UNESCO, once again, calls on its media partners to ensure that gender equality and women’s empowerment remain on the forefront of their agenda, through its Women Make the News (WMN) 2012 initiative. Launched annually on the occasion of International Women’s Day (8 March), WMN is a global policy advocacy initiative aimed at promoting gender equality in and through the media.
Much has been achieved since the Beijing Declaration and Platform for Action (1995). Yet the Global Media Monitoring Project (2010) finds that still only 24% of the people questioned, heard, seen or read about in the written and audiovisual media are women; 76% are men. Only 16% of stories focus specifically on women.
The UNESCO-supported Global Report on the Status of Women in the News Media (2011) reveals that women are underrepresented in the media operations in 73%, 50% and 46% of the countries surveyed in Sub-Saharan Africa, Asia and Oceana, and the Americas, respectively. This is indicative that there is much more to be done.As the UNESCO Director-General notes, “The Beijing Declaration and Platform for Action is a reference for assessing progress towards equal rights and opportunities in all spheres [including in media] and identifying the significant challenges that still remain. The battle for gender equality is far from won…”
The theme for this year, Rural women’s access to media and information, seeks to underscore and stimulate knowledge exchange on:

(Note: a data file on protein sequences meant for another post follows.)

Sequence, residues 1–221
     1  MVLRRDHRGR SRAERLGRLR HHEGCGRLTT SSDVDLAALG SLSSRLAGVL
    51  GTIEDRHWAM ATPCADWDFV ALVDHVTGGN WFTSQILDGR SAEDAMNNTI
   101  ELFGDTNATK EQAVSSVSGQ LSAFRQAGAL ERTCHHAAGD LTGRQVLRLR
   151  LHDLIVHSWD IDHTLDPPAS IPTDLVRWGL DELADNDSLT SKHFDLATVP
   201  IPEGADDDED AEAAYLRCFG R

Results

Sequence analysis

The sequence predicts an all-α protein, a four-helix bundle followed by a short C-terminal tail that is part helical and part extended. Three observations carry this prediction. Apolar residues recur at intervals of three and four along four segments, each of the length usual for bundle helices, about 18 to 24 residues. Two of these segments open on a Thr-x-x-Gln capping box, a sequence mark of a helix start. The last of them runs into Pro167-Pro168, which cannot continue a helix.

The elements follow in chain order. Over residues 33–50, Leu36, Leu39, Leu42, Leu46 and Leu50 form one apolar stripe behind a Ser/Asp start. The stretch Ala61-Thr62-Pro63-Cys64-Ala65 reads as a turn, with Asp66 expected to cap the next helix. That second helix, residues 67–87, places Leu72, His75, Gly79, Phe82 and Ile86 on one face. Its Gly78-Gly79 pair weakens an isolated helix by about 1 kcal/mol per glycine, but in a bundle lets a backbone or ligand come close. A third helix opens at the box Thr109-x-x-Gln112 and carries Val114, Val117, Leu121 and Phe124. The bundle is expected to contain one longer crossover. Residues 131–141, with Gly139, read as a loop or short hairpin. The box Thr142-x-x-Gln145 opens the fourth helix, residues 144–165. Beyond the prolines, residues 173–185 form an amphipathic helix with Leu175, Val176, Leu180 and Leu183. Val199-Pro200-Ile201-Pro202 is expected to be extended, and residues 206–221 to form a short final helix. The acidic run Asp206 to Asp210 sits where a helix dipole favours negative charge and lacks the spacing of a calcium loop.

- the importance of policies and programmes in favour of access to media and information in rural communities, particularly for rural women; and
- good practices and successes in this area as undertaken by public service broadcasters, commercial and community media and NGOs working to improve rural women’s access to media and information.
Access to media and information by rural women and men has many important dimensions or entry points. Within the framework of the function of the media to provide information needed by rural women to enhance their economic empowerment and political participation, WMN 2012 focuses on two of these entry points. Firstly, can and how are rural women and men actually accessing (listen to, read or watch) radio, newspaper and television in their communities, and how are community media and new media/technologies helping? Secondly, are rural women actually in charge of the programming, production and broadcast of media content?
It is unequivocal that public service broadcasters, commercial media and community media can be key forces to drive the Beijing Declaration and Platform for Action, which calls on all stakeholders to combat for “…women’s access to and participation in all communication systems, especially media”. International, regional and local NGOs and other social actors are also critical nodes in the network of stakeholders. But do the necessary policies and programmes exist in these different forms of media and ownership structures?Therefore, the theme for WMN 2012, Rural women’s access to media and information, is equally important to national and international media organizations and civil society organizations concerned with gender issues.
Please click here to learn more about how you can join this initiative.http://www.unesco.org/new/en/